How to Bridge the Digital Divide in the Workforce

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How to Bridge the Digital Divide in the Workforce

If you thought that computer proficiency was only necessary for people who work in information technology or high up in corporate offices, think again! Recent studies have found that nearly 80 percent of middle-skill jobs (those requiring more than a high school diploma, but less than a four year degree) also demand computer literacy.1 Digitally intensive jobs are on the rise throughout the U.S. workforce. If you’re not on board to these ever-evolving technologies, you and your job prospects could be left behind.

Check out these 3 important ways you can bridge the digital divide, increase your marketability, and enhance your long term career prospects.

Start with the basics. If you only use a computer to get online, it’s time to delve a little more deeply. Take advantage of free workshops offered by libraries, local businesses, and other groups that teach the basics of computer operations. Become familiar with the hardware, software, and interconnections that every computer needs to operate.

Learn the Microsoft Office Suite. Microsoft remains the biggest software company in the world2 with good reason: its office suite is an indispensable tool for businesses all over the world. Become familiar with:

  • Word: Because it’s the most popular word processing program, when you know Word, you’re literally on the same page as millions of other workers. The software allows you to create, edit, and save documents. It has features that correct your spelling and check your grammar. It even has a built in thesaurus. It also has templates and design features that allow you to add your own personalized style to all the documents you produce. And it integrates seamlessly with other Microsoft products; you could import a table from Excel or export a page from Word to your PowerPoint presentation in a matter of minutes.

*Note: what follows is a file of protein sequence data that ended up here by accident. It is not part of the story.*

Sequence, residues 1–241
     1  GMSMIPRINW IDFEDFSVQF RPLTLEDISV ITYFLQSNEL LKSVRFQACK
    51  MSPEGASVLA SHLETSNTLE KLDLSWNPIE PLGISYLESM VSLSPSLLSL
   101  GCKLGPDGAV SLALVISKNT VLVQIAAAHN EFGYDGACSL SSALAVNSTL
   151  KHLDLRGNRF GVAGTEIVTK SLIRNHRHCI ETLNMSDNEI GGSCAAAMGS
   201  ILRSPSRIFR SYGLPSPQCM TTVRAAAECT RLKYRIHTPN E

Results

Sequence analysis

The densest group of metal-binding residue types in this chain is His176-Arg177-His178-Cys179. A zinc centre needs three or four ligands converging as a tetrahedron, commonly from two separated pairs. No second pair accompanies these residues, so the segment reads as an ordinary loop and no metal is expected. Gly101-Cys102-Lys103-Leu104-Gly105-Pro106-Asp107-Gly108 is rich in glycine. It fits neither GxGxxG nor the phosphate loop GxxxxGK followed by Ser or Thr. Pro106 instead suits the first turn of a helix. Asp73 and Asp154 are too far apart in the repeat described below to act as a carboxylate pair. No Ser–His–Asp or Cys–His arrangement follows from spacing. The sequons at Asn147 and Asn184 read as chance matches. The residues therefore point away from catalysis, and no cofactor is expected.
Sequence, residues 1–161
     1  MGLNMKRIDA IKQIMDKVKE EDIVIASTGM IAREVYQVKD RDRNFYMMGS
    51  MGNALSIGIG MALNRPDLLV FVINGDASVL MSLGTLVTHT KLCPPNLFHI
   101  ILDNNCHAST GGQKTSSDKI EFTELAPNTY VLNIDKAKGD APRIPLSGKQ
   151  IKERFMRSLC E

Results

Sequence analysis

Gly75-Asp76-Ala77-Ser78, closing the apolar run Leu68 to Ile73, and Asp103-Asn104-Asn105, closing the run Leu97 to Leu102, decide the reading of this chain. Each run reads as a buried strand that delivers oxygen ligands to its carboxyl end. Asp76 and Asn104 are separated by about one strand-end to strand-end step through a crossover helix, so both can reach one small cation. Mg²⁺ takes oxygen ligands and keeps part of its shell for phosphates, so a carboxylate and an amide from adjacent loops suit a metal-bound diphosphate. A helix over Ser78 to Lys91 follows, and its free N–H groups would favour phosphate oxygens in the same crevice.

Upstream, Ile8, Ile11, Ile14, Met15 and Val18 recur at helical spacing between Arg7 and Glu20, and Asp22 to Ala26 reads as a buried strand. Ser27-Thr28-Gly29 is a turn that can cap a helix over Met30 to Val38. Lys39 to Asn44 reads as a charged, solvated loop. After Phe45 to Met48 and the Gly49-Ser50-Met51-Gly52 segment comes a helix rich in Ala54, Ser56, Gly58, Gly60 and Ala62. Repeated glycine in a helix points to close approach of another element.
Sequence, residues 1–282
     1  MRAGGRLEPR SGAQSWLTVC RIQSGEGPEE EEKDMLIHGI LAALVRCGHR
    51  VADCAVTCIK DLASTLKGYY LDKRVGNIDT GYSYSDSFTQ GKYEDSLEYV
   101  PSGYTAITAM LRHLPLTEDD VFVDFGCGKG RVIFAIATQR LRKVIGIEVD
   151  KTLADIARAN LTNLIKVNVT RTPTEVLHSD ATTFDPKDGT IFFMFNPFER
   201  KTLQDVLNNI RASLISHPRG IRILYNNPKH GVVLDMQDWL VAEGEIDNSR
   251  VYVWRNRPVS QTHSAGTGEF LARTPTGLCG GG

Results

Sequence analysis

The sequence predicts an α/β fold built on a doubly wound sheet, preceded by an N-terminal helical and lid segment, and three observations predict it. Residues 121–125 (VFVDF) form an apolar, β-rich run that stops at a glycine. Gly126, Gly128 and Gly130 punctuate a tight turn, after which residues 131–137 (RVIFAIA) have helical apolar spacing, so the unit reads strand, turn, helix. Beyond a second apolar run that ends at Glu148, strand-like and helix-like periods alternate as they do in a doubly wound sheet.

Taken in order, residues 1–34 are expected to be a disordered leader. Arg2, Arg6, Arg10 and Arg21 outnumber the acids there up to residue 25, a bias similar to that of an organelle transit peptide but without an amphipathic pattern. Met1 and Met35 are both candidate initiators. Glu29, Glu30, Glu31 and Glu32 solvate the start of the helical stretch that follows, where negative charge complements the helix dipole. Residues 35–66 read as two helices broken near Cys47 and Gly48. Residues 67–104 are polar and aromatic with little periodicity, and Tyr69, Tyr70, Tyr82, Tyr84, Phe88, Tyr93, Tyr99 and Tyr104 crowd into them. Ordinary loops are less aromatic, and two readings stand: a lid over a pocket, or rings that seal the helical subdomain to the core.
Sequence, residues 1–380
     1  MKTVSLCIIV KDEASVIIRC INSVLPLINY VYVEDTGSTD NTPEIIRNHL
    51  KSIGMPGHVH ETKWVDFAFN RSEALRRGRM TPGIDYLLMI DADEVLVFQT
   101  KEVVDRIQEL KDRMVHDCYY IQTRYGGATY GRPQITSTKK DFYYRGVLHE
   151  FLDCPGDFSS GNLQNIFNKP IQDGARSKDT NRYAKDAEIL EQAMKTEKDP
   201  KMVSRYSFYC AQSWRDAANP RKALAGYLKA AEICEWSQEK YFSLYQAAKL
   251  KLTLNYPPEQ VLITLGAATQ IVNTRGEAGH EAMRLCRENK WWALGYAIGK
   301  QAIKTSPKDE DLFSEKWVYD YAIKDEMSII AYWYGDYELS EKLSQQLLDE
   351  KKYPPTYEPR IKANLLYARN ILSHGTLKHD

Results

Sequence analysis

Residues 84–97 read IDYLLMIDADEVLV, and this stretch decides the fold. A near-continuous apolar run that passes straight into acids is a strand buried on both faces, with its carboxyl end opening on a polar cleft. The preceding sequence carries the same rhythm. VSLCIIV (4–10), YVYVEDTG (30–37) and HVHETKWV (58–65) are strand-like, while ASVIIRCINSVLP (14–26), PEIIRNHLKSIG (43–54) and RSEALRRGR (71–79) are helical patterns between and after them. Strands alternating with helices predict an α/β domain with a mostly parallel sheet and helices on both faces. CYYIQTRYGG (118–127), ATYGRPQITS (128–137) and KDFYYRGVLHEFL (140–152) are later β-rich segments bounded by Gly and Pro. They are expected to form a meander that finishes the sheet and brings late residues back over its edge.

• Excel:  Microsoft Excel is a digital spreadsheet that automates the tasks of business accounting and calculations. You can create, manage, and analyze the financial data that is at the foundation of any business. Whether you’re using it for your household budget or your company, your ability to look at the numbers and get to the bottom line will help you make sound financial decisions. There are filter, sort, and search tools that let you choose what criteria you’re going to examine and design tools that help you create easy-to-understand graphs that pop off the page and emphasize the points you most want to make.
  • PowerPoint: All that data and all those documents from Excel and Word can be dense and difficult to get through –but not if you turn them into a PowerPoint presentation. In addition to making information easier to deliver, PowerPoint has lots of features that allow you to add graphics, images, and animation. You can even imbed music and videos.

Learn about the cloud. You probably already use the cloud for music and video, but it has many more benefits in a work environment. It allows you to access documents and applications from wherever you are and share them with whomever you choose. It can help increase flexibility, security, productivity, and profits.

At American National University, we know that digital fluency can give you a wealth of knowledge and the competitive edge in the job market. That’s why we emphasize computer literacy across our curricula. Check out all our career-focused programs in Business, Health Sciences, and Information Technology to learn all about in-demand careers and the computers that help run them. Give us a call at 888-956-2732 today.

1 http://www.burning-glass.com/media/6445/Digital_Skills_Gap.pdf

2 http://www.investopedia.com/articles/personal-finance/121714/worlds-top-10-software-companies.asp

 

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